An oven that lowers from the ceiling and appears when you hold your mobile phone or tablet to one of the QR codes in the Future Kitchen.

Green, but not behind the ears

Alfredo Häberli’s vision of a "Future Kitchen" at the Living Kitchen trade fair reflects intelligently on what is essential – and what is not.
by Fabian Peters | 1/15/2019

A lush green is the prevailing color of Alfredo Häberli’s “Future Kitchen,” which is the main attraction at this year’s “Living Kitchen” trade fair. The name is deceptive – Häberli has conjured up far more than a kitchen; “Future House” would be a far more accurate epithet. The green structure resembles a small bungalow – with a large open-plan kitchen that flows into the living room, a bathroom and a bedroom. None of this is designed down to the details, but described cursorily with the green lightweight structure and a few items of furnishing. Here, green stands of course initially for the “Living Kitchen” and its guiding color. Green also stands for the fairly radical ecological approach Häberli takes. And, finally, green also refers to the “Green Boxes” – the method used to project the storm onto the wall behind the weather reporter on your TV.

The kitchen may seem spartan at first sight, but is of course brimming with futurist technology – albeit only virtually. Häberli’s visions and ideas for the household appliances of tomorrow can be viewed if you first download an app and then scan the QR codes spread round the kitchen. They then pop up in the right place – on your smartphone or tablet PC.

Häberli’s kitchen, which, as mentioned, is actually a house, is imbued with an interesting dualism that is perfectly expressed in the mixture of thrift as regards the architectural frame and elaborate computer technology. On the one hand, the designer has invented appliances and facilities that offer clearly discernible added value compared to the things on offer today, including greater comfort. On the other, with his design he calls for conscious self-limitation – indeed, for the user to forgo things. Häberli’s vision is intended, for example, to source its own water independently. Rain, or so his idea, is captured on the roof, more or less purified (depending on the intended use) and then consumed in the house, to the extent that it is available. Häberli remembers that in his childhood water was a scarce resource. “My grandmother still collected water in a cistern and when my sister’s hair was washed it was a real highlight. Water was simply something precious.”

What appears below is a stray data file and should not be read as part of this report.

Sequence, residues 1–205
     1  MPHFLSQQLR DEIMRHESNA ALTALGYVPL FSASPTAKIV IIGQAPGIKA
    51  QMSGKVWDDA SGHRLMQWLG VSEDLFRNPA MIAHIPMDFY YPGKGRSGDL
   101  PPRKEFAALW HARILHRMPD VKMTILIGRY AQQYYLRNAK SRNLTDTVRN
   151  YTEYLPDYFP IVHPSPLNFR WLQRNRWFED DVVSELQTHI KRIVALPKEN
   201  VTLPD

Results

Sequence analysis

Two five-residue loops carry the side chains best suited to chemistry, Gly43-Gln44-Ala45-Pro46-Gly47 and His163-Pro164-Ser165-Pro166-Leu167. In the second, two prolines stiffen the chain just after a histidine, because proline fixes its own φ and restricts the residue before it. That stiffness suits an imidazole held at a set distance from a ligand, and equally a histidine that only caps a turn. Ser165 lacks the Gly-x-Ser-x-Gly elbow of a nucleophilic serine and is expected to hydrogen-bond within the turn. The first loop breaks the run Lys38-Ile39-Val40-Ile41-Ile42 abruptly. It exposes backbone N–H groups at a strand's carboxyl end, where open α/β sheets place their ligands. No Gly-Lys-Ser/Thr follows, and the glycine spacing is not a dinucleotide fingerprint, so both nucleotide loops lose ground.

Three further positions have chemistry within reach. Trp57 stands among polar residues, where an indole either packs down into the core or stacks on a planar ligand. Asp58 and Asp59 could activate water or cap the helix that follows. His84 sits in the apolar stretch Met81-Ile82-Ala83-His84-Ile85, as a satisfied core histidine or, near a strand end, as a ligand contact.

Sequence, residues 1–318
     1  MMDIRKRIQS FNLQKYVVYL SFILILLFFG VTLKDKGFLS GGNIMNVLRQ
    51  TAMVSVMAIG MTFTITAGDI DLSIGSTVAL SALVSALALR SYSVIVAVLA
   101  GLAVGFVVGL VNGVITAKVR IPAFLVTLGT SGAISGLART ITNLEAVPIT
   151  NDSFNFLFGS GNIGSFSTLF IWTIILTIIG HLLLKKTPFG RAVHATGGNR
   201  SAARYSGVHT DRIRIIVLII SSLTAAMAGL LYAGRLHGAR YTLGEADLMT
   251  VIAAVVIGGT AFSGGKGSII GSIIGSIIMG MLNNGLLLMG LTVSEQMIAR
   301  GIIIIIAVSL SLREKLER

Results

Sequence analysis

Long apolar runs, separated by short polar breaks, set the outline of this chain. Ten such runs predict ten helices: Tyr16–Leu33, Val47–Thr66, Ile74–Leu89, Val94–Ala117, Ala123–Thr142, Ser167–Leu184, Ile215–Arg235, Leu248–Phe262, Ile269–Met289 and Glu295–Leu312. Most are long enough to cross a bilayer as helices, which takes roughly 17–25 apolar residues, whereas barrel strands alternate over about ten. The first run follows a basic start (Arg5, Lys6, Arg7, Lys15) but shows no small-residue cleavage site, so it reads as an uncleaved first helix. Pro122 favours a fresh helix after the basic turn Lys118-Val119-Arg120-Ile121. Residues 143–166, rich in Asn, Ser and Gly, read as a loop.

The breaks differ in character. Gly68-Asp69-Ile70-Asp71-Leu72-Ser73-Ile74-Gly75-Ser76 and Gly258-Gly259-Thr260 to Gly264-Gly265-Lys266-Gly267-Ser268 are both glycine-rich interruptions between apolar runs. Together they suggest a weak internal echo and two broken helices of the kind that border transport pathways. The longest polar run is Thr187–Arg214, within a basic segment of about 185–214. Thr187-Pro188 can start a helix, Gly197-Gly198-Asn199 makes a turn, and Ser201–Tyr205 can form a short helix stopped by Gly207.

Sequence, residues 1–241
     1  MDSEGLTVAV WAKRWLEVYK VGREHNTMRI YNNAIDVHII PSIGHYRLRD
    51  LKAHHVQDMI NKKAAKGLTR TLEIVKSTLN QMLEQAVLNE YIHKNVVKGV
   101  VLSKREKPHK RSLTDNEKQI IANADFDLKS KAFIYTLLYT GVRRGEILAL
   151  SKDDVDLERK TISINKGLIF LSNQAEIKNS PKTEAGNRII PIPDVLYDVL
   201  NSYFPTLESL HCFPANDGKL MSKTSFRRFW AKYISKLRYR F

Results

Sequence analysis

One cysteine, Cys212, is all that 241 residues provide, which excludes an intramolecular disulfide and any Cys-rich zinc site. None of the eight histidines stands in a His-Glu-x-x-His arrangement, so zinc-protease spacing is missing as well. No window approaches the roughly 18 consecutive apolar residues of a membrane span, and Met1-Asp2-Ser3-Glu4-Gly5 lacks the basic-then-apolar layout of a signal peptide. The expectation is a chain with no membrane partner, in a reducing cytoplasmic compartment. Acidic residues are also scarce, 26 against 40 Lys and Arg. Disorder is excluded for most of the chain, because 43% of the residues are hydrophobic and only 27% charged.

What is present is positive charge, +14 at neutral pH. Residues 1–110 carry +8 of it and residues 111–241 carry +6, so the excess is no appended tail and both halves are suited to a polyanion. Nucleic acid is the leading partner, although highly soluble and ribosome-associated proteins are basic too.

Alfredo Häberli in his Future Kitchen at Living Kitchen 2019.

That said, some of Häberli’s other technological visions seek to spare resources and ensure sustainability. Such as his transparent refrigerator that no longer needs to be opened for you to check what’s inside; the waste heat it generates can be used to warm plates. Other features, such as his ingenious cutting board with its opening through which chopped food can be fed straight into the pot below, intimate just how passionate a hobby cook Alfredo Häberli is. Everyone will want to buy it immediately, just as they will be lured by the blender that comes with a complete collection of refined glass table-ready vessels so that you don’t need to wash the whole unit after each use.

By way of variety, one detail is not in green, but highly decorative, and Häberli places it at the feet of visitors to his “Future Kitchen”: The beautiful tiles from the kilns of Petersen Tegl in Denmark are used to great effect to structure the different zones in his temporary house.

In the virtual world, Häberli stands under the filter system that purifies the rain into drinking and process water.
Rain is to be collected on the roof of the Future Kitchen and partly discharged into a round basin in the garden.
The transparent refrigerator is designed to save energy because the door does not have to be opened to check the contents.
A compost collector is part of the comprehensive sustainability concept of Future Kitchen.
Instead of mock-ups of the technical devices, the Future Kitchen contains QR codes that can be read with a mobile phone or tablet and lead to the virtually animated designs of Alfredo Häberli.